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Examples of a Positive Attitude

author image Gae-Lynn Woods
Gae-Lynn Woods has written for the international financial services world since 1990. She now writes freelance business and health articles for websites such as SFGate. She holds Bachelor of Business Administration degrees in accounting and finance from Texas A&M University and a Master of Business Administration in executive leadership from the University of Nebraska.
Examples of a Positive Attitude
A positive attitude helps people see the glass as half full and view challenging situations with hope and optimism. Photo Credit glass with water and bubble image by Anatoly Tiplyashin from <a href='http://www.fotolia.com'>Fotolia.com</a>

Having a positive attitude, which is choosing to approach difficult circumstances with a productive mindset, can benefit you on several levels. The Mayo Clinic states that a positive attitude can lower your stress level, which is good for your health. A positive attitude can also improve your relationships and change how your boss perceives both you and your work. An article published in the January 2007 Gallup Management Journal notes that the components of a positive attitude, collectively called positive psychological capital, can be learned.


The Gallup Management Journal defines hope as the ability to stay focused on your goals and change paths when needed to succeed. Hope is perseverance. People with a positive attitude are able to look through the difficulties they face today and believe they can find a way through or around those difficulties. To learn hope, focus on goals that are challenging, yet attainable and brainstorm multiple ways to achieve those goals. Recognize that you can influence your forward movement and sustain your activities until you reach your goals.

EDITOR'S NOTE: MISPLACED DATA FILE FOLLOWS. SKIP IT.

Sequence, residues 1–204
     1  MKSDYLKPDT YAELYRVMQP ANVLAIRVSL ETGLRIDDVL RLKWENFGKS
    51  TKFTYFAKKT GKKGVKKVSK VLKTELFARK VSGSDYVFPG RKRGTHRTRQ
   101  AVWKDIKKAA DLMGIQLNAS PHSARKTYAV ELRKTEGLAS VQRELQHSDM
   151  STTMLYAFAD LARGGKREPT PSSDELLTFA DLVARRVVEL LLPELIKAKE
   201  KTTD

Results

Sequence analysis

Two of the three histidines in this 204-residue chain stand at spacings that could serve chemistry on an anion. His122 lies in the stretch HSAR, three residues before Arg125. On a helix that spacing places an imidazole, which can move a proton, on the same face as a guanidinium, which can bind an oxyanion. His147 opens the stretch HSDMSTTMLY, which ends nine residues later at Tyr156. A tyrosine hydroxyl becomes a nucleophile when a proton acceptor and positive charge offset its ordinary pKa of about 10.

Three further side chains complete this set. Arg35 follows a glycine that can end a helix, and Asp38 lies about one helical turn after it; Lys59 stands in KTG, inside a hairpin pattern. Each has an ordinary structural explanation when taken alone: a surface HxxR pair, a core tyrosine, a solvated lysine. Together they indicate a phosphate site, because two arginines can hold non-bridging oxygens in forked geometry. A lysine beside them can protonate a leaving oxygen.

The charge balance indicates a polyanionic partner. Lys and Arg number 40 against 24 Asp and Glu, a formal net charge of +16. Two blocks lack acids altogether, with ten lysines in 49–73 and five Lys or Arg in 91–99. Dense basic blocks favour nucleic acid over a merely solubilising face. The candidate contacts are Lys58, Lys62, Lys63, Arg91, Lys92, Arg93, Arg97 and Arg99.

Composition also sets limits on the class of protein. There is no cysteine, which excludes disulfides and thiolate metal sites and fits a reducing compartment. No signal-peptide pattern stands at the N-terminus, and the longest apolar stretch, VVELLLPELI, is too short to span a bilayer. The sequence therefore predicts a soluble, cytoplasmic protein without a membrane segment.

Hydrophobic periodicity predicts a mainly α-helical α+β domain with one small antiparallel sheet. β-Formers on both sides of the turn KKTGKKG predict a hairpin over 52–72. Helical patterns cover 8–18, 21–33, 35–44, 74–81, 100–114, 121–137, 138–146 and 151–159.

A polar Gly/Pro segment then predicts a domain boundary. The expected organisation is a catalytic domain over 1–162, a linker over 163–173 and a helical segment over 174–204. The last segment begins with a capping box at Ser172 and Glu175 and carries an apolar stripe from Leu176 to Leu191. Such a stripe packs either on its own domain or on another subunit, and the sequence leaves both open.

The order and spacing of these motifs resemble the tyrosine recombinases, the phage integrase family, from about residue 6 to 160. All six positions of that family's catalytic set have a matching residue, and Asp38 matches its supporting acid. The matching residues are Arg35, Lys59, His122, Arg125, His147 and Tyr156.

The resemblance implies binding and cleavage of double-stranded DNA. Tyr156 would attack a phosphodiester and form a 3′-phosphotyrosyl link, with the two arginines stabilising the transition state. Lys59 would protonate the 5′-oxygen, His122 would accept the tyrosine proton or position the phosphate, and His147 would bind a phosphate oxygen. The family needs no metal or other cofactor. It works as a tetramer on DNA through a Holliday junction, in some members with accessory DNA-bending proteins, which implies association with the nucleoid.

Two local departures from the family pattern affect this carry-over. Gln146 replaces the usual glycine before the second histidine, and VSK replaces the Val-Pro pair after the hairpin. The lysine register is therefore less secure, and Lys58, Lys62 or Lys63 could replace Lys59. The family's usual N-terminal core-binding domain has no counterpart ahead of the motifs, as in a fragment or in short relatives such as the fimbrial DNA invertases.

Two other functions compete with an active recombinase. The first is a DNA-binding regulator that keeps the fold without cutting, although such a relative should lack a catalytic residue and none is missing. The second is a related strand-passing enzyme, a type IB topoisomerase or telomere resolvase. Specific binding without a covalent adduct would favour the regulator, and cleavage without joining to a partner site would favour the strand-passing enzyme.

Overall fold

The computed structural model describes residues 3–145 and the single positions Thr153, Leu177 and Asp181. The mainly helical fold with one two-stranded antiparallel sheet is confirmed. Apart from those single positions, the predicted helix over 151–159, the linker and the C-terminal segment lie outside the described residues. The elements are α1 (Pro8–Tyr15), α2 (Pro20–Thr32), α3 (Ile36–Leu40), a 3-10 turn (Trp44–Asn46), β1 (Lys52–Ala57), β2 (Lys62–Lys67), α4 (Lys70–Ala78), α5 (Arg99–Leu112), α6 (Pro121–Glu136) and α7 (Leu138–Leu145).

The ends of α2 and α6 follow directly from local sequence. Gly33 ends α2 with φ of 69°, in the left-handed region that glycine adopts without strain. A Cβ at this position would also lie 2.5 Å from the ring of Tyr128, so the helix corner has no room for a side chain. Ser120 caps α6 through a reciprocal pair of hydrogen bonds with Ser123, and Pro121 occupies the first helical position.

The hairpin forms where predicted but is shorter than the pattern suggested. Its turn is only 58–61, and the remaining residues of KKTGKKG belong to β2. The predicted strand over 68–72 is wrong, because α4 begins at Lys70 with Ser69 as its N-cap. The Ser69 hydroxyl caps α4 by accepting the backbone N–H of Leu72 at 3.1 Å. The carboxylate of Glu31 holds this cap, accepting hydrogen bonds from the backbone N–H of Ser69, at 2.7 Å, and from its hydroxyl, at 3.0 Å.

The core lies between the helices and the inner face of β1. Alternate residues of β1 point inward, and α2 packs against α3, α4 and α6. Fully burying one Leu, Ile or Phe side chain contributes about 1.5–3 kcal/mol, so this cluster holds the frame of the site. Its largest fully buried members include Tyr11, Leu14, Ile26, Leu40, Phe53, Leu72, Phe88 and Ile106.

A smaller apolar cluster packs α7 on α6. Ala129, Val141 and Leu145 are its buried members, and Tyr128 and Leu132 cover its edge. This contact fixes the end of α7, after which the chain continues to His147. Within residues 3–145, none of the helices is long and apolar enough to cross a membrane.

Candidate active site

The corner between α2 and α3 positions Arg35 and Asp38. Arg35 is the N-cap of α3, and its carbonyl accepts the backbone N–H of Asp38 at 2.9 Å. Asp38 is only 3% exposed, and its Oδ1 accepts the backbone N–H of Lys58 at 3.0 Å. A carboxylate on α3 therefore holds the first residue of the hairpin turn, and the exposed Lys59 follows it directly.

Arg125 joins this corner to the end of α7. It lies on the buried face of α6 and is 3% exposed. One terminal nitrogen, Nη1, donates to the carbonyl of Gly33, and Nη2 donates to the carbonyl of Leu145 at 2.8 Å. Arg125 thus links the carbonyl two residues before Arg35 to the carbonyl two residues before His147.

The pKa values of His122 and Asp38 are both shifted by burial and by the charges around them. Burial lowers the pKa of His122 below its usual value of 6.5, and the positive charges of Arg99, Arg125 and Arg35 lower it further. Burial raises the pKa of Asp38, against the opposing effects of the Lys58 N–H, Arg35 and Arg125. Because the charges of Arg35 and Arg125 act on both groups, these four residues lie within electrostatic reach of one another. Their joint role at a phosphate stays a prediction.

People with a positive attitude exhibit optimism, the belief in the best possible outcome of a decision or action and that negative circumstances are temporary. Optimism must be grounded in reality; for example, a person cannot jump from a tree and optimistically expect to overcome the laws of gravity. Optimism can be taught, according to the University of Pennsylvania Positive Psychology Center. Teach yourself to challenge failures, analyzing the components that led to the failure. Take ownership for the components that you control and recognize and release the components that you could not have controlled.


Positive people exhibit resiliency, the ability to “bounce back” from difficult circumstances. The American Psychological Association found that resiliency, or hardiness, has three attitudinal components: commitment, control and challenge. Commitment is the willingness to stay engaged rather than become isolated during hard times, choosing to be involved in life’s next step. Control is the willingness to try and influence the outcome of challenging circumstances, such as talking to your boss about the many different roles you can fill when the possibility of lay-offs occur. Challenge is the ability to view each situation as an opportunity to learn.


Confidence, or self-efficacy, is the belief that you can influence the outcome of a particular situation, according to Carleton College. People with a positive attitude are confident that they can face challenges and believe that overcoming them is within their control. To increase your confidence, put yourself in situations that you can master, break difficult tasks down into manageable pieces, and mimic behaviors of people who have achieved success.

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